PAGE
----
Once the fire hazard analysis has been completed, and thorough performance-based design criteria set, the fire protection engineer should determine the best fixed or manual fire protection system to complement the firewater distribution system. In the case of power generating facilities, many choices exist, each with its own pros and cons. These systems include, but are not limited to, the following:

  • Water spray
  • Water mist
  • CO2
  • Clean agent
  • Foam (low expansion)

The systems listed above should be installed as part of fixed equipment, but some can be designed for manual operation if emergency response personnel are trained to combat the hazards involved. One example is water spray systems that are connected to both flame-detection and manual pull stations for activation by process personnel and emergency responders. Another example is the use of foam via manual monitors by emergency response personnel responding to a fire where foam has been used in emergency response plans.


As part of the overall fire protection strategy of a power generating facility, one of the key features should be the fire- and gas-detection system. Although NFPA provides prescriptive guidance3 on where to install such detection devices, it does not approach the subject at a deeper level, such as recommending the execution of gas dispersion models to locate gas detectors, or fire and explosion models to locate flame detectors. That is, it is up to the fire protection engineer, through the performance-based analysis, to determine what detection device should be utilized and where. The key component of a fire and gas detection system is rapid detection and its logic.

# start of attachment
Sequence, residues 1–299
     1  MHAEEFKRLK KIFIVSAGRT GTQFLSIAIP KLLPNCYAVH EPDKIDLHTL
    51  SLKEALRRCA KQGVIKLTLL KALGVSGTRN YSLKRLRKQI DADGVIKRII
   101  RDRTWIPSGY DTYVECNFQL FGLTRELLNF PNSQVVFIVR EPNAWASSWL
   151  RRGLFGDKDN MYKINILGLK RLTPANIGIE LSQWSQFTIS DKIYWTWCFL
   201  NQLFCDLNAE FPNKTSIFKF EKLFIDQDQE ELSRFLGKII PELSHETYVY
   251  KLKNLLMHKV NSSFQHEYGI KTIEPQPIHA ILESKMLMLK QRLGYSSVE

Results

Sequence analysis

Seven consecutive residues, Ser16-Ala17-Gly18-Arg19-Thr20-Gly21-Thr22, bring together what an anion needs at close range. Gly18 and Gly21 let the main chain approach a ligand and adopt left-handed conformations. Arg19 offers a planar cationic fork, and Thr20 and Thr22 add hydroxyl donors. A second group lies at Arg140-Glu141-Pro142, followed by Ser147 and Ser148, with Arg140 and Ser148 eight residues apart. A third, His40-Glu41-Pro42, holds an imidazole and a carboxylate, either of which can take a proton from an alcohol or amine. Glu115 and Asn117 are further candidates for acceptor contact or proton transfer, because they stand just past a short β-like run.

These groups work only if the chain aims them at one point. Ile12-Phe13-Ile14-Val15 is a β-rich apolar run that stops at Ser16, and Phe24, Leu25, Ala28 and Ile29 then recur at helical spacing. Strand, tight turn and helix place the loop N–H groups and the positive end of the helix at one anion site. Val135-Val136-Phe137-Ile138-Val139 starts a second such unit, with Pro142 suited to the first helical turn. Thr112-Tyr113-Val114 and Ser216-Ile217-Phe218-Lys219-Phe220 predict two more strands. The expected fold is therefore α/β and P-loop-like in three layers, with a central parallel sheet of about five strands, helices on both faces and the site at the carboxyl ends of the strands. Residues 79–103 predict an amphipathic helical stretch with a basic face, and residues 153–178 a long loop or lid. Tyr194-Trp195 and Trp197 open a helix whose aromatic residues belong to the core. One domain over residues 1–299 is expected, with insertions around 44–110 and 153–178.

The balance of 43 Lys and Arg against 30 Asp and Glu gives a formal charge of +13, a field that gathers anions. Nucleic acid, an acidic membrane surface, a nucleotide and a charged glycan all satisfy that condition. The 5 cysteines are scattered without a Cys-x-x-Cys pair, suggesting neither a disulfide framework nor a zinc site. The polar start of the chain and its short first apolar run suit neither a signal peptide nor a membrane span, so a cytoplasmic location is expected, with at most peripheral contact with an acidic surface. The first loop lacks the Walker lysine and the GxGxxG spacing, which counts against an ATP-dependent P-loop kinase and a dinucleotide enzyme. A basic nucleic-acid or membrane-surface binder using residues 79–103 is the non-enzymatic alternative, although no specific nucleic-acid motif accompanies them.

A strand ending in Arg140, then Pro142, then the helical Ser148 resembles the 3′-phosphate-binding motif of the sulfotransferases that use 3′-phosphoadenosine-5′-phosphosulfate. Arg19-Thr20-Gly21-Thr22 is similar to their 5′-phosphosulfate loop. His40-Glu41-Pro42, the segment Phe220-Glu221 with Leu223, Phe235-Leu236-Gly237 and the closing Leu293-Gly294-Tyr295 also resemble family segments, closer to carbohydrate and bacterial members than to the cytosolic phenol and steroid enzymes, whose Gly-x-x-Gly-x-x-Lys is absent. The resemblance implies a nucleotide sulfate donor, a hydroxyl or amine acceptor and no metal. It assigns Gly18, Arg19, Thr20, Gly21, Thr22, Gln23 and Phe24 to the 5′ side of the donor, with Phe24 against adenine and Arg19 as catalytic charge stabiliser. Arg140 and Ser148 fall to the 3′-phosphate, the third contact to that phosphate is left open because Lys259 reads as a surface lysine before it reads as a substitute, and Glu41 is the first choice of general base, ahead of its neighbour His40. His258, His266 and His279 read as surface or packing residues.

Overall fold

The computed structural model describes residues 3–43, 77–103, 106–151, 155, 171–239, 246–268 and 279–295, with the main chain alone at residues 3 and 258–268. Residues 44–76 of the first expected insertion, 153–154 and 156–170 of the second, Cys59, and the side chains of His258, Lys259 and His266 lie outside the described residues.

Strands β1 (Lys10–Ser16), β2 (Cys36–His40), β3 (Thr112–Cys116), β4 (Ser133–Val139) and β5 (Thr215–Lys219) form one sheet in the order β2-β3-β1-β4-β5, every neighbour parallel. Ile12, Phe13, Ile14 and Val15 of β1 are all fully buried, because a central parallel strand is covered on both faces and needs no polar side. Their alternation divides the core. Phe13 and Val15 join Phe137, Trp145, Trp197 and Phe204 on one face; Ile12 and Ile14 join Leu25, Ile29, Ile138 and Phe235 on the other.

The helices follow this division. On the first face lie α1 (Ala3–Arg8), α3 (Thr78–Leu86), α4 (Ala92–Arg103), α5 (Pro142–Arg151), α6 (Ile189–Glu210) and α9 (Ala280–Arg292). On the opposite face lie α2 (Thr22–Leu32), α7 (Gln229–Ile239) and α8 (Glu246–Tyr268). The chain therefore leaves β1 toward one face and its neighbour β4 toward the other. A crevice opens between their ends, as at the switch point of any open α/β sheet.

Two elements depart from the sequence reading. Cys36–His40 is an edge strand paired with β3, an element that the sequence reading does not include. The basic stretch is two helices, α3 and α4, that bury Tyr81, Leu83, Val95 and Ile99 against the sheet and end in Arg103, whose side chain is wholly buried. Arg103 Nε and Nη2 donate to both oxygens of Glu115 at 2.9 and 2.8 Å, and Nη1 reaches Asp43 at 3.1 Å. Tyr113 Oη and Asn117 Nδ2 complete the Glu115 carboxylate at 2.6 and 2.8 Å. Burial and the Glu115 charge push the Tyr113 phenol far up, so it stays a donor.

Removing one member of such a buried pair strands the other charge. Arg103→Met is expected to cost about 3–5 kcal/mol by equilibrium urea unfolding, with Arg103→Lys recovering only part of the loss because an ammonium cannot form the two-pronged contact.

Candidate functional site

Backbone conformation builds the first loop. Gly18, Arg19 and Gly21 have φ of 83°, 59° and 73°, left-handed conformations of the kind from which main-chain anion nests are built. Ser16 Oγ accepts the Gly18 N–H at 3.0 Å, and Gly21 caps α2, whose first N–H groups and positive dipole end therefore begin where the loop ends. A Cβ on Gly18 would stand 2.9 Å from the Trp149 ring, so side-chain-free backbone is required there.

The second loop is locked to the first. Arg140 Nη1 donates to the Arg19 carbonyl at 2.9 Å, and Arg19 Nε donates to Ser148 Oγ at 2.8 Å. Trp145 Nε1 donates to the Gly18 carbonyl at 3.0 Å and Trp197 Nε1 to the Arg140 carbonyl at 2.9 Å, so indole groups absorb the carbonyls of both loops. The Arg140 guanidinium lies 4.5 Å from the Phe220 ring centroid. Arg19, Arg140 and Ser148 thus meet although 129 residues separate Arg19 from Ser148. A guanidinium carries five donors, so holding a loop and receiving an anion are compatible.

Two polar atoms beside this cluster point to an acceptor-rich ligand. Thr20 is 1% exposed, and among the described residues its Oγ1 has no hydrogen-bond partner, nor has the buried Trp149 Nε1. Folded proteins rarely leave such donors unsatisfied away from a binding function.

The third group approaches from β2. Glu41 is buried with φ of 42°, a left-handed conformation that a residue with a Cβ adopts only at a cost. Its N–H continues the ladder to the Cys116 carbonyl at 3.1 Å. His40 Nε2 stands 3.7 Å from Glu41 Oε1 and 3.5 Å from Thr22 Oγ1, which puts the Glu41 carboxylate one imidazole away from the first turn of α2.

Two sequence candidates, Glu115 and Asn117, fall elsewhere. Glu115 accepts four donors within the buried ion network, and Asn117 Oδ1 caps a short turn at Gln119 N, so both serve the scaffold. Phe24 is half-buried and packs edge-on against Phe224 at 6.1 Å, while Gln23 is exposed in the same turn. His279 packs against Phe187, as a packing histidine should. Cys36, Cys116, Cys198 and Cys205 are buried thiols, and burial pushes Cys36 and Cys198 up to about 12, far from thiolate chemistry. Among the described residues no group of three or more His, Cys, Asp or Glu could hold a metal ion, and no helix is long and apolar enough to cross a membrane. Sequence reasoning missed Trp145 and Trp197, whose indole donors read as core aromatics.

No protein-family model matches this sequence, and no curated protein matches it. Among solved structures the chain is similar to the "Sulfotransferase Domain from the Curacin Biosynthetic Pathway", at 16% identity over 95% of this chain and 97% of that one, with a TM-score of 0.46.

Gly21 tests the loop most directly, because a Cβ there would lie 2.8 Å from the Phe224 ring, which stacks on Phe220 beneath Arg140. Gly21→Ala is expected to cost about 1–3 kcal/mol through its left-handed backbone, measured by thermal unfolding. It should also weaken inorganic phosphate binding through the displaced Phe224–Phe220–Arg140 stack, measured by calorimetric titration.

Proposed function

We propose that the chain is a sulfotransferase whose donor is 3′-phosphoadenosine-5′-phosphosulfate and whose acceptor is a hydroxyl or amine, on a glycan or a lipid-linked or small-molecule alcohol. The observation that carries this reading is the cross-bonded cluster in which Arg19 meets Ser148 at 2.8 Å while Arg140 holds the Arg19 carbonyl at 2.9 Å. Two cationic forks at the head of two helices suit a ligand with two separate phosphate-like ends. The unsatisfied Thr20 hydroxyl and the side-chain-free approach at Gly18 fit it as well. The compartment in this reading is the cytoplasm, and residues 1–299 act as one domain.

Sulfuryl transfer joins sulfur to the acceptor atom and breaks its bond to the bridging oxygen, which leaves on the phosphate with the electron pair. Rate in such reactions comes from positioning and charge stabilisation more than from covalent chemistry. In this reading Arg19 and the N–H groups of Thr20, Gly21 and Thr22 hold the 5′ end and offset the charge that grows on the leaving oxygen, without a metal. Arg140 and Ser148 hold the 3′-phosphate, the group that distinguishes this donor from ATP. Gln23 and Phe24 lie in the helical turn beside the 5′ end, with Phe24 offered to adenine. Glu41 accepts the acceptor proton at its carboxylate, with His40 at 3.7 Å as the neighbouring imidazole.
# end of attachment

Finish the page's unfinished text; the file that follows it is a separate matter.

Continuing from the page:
A cause and effect matrix should be developed that sets forth the chain of events based on the activation of certain detection devices. For example, if two out of three flame detectors initiate near a boiler, the logic in the system may start the fire pumps and subsequently a water spray or other equivalent system.


Fossil fuel power generating facilities create a unique challenge for fire protection engineers. Life safety is always the number one priority, but fire protection engineers must take into account business continuity and asset protection when developing a fire protection strategy. Merely relying on prescriptive codes and the minimum required by the Authority Having Jurisdiction may not be sufficient depending on client needs and location of the facility. Thus, the fire protection engineer must execute a fire hazard analysis and performance-based design before specifying any solutions. The final goal is to keep people safe and the lights on.


Marcelo D'Amico is with Orcus Fire Protection LLC.



  1. Gamache, J. Stationary Fire Pumps Handbook, National Fire Protection Association, Quincy, MA, 2010.
  2. Earley, M. & Sargent, J. National Electrical Code Handbook, National Fire Protection Association, Quincy, MA, 2011.
  3. NFPA 72, National Fire Alarm and Signaling Code, National Fire Protection Association,Quincy, MA, 2010.